A lot of people have been waiting for a golden girl to emerge from the shadows, and with good reason.
Simone Gold was once the only person on earth with the power to make everyone believe in her, but that has all changed.
As the world’s greatest gymnast, Gold has had to fight off a string of accusations that have cast a dark shadow over her life.
With an array of colourful personalities, including Britney Spears and Lady Gaga, to her credit, Gold remains one of the most influential figures in sport.
We sat down with the actress and her husband, Simone, to find out how the two have dealt with their own celebrity-studded life, and how they hope their career can continue to thrive in the future.
You can find more stories from the Australian Grand Prix on the ABC News website.
How does it feel to be a household name?
I’ve never been more aware of how my name is linked to my fame and power.
I don’t know how to explain it to anyone but to just feel like it’s all in the palm of your hand, it’s just a blessing.
The only way I can explain it is to tell you that I feel like my name has helped to define the Australian landscape.
And I’ve been a huge ambassador for the sport, I’ve had roles on the US version of ‘The X Factor’ and now in the UK, which is something that I’m very proud of.
The other thing is I think it’s a privilege to be able to live out that legacy and to be part of that history.
It’s a really wonderful thing.
I’ve always been really passionate about the sport and my career.
How has Simone Gold affected your relationship with your family?
Well, I think there’s a lot of misconceptions about my family, that I haven’t had a relationship with them.
I have a wife and kids, and I’ve spent a lot more time with them than I would have with my mum and dad.
My wife and children have been really supportive of me, and the fact that I have two daughters, ages 18 and 14, is very, very rare.
We live on a beach on a beautiful beach, so that’s where they get their beach breaks.
I can just go into their life and be able talk to them about anything and anything that I think they might have any interest in. 3.
What advice would you give to a young woman looking to get in shape?
I would say don’t be afraid to look up to your idol, to get a copy of her books.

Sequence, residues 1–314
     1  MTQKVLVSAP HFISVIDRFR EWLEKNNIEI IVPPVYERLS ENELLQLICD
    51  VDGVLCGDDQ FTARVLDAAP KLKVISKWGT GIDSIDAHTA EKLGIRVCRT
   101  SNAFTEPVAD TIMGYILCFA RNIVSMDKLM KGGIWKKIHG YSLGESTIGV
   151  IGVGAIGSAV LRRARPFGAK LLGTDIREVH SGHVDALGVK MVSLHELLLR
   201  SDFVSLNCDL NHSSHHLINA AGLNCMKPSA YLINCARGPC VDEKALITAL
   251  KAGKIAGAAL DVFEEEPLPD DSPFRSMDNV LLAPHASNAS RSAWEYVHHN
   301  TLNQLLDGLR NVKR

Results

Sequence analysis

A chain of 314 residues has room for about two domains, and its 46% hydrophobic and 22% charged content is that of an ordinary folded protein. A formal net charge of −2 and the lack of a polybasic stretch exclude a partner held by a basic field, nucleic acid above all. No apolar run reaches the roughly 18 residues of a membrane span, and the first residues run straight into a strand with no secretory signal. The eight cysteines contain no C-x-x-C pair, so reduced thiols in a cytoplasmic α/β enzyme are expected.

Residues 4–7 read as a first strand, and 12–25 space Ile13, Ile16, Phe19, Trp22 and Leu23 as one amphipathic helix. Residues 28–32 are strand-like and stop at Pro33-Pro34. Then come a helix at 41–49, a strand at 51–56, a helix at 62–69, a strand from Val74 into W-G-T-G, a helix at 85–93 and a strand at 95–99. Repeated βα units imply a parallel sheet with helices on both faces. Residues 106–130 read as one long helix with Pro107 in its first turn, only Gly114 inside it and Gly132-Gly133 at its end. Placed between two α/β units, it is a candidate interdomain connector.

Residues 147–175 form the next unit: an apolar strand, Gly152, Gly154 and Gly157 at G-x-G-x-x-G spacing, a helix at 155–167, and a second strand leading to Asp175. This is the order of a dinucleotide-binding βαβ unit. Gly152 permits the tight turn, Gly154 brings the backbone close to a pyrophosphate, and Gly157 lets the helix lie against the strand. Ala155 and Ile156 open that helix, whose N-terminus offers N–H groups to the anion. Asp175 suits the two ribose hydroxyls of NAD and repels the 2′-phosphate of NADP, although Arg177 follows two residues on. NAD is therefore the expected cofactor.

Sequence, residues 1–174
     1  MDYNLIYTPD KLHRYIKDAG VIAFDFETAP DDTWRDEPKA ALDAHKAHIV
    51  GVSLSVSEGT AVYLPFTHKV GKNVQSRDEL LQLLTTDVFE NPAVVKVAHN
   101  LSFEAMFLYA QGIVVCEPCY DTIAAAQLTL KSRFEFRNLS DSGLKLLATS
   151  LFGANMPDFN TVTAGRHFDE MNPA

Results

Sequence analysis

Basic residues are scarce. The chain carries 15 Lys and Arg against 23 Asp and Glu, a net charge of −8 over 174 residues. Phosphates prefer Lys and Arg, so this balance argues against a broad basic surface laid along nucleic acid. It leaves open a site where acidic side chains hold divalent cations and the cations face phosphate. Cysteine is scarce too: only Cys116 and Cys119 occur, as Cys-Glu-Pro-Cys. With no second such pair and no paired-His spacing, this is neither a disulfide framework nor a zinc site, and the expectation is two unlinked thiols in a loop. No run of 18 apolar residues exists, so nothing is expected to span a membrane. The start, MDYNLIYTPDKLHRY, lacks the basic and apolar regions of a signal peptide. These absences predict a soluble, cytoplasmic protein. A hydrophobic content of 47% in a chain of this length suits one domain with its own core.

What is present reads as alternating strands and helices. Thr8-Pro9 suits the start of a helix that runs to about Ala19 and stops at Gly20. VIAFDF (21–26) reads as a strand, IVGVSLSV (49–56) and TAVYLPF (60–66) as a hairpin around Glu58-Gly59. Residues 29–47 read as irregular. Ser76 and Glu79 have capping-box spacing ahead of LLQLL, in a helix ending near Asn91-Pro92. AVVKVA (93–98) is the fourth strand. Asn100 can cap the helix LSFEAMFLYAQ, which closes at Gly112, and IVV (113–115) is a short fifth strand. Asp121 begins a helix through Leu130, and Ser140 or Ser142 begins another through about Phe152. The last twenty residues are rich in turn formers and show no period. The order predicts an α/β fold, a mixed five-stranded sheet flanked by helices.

If you want to get strong, I would encourage you to start with some basic strength training.
That will build your muscle mass, and then build your strength and power in your legs, which will be very important to you in terms of getting into competitions.
What has been the hardest thing about your life so far?
The hardest thing I’ve ever done was to go from living in the suburbs of Melbourne, where I was in the care of my mum, to living in a big, beautiful house with my children, and doing the whole Australian Grand Race.
It was a really difficult, challenging, difficult time.
When I first started my journey, I did not know if I would survive.
I had a lot to learn, and a lot that I hadn’t quite learned yet.
I think for me personally, I just have to keep going.
What’s next for Simone?
I’m in a new role, but I’m doing everything I can to do well.
I’m working on my TV show ‘I Love My Family’ and my music career.
I also plan to work with Australian artists and film crews.
The last thing I want to do is just take the money and run.
How did you meet Simone Gold?
I met Simone Gold through the Australian gymnastics community.
I was just looking for a new hobby, and this was the first time I had seen someone who was like that.
I met her through the gymnastics world, and her name was a bit of a shock.
She had been an international athlete, but she was really humble and a bit self-deprecating.
She was just really, really well-dressed, and it was very nice to meet her.
I did get a bit nervous about her being able to walk down the street without a walkie-talkie, but it turned out to be quite fun, and we started a friendship.
Have you been the victim of any abuse?
I have, yes.
My ex-husband had to stop me from going to see her and she got really upset when I told her about it.
I went to a different gymnastics school, which I did a couple of years later, and was just a really happy, normal teenager.
She told me that she would never forgive me for being a victim of what happened to her.
It wasn’t until